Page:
In addition to the solid organizing that was done in the run up to the contract agreement, two other features led to a favorable contractual outcome for PAT that must be taken into account, because they are not terms that can be counted on next time.
First is the favorable economic picture. The Portland school district had an additional $29.9 million dollars in its budget. A closer look at this ‘windfall’ shows it comes as a result of cuts to the statewide Public Employee Retirement System. A similar dynamic is at play in San Francisco, where much of the new money coming into public K-12 education from Sacramento is a result of a boost in capital gains taxes collected by the state of California. In both instances, Portland and San Francisco, it needs to be understood that any redistribution of wealth into our classrooms is happening largely at the expense of workers and families around us. The ruling class has recovered profitability at our expense and is now making choices to direct some of that stolen money back to specific social services. It is a dubious proposition at best to claim victory without exposing this theft, and without waging the kind of struggle that might point the way to other workers on how they must fight.
Second, the current round of contract negotiations comes on the heels of the recent strike in Chicago by the Chicago Teachers Union (CTU). For the time being, school districts will be loathe to repeat the experience of Chicago where the schools were shut down for 8 days in a 2012 strike that garnered broad support. What Portland teachers were able to secure in this new contract was largely due to the influence of the CTU strike. The strike is still strong in all our memories, but with unions starting to once again settle without striking, the effect of the CTU strike will soon fade for workers and administrators alike.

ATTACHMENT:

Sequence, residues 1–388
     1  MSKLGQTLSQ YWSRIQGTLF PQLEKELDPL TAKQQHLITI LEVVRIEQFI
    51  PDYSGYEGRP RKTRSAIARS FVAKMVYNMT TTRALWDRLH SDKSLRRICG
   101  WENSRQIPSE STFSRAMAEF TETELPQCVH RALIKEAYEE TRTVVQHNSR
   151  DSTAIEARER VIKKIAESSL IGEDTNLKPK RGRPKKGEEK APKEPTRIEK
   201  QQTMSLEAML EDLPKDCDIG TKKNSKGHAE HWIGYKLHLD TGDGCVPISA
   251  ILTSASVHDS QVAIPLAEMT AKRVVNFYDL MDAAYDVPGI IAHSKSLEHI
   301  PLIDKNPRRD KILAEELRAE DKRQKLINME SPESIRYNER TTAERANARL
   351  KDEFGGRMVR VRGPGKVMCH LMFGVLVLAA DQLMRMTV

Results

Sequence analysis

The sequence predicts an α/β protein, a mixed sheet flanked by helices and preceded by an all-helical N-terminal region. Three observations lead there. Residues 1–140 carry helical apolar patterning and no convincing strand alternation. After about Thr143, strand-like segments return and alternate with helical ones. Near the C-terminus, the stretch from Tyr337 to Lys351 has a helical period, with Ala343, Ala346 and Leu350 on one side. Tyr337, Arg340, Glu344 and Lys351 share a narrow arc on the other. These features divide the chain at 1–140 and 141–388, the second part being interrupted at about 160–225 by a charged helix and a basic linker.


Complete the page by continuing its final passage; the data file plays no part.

Waging a struggle for immediate gains without a vision of how the struggle for those gains transforms our class into one capable of making greater change is a recipe for future defeat. As Luxemburg wrote:
As soon as ‘immediate results’ become the principal aim of our activity, the clear-cut, irreconcilable point of view, which has meaning only insofar as it proposes to win power, will be found more and more inconvenient. The direct consequence of this will be the adoption by the party of a ‘policy of compensation,’ a policy of political trading, and an attitude of diffident, diplomatic conciliation. But this attitude cannot be continued for a long time. Since the social reforms can only offer an empty promise, the logical consequence of such a program must necessarily be disillusionment.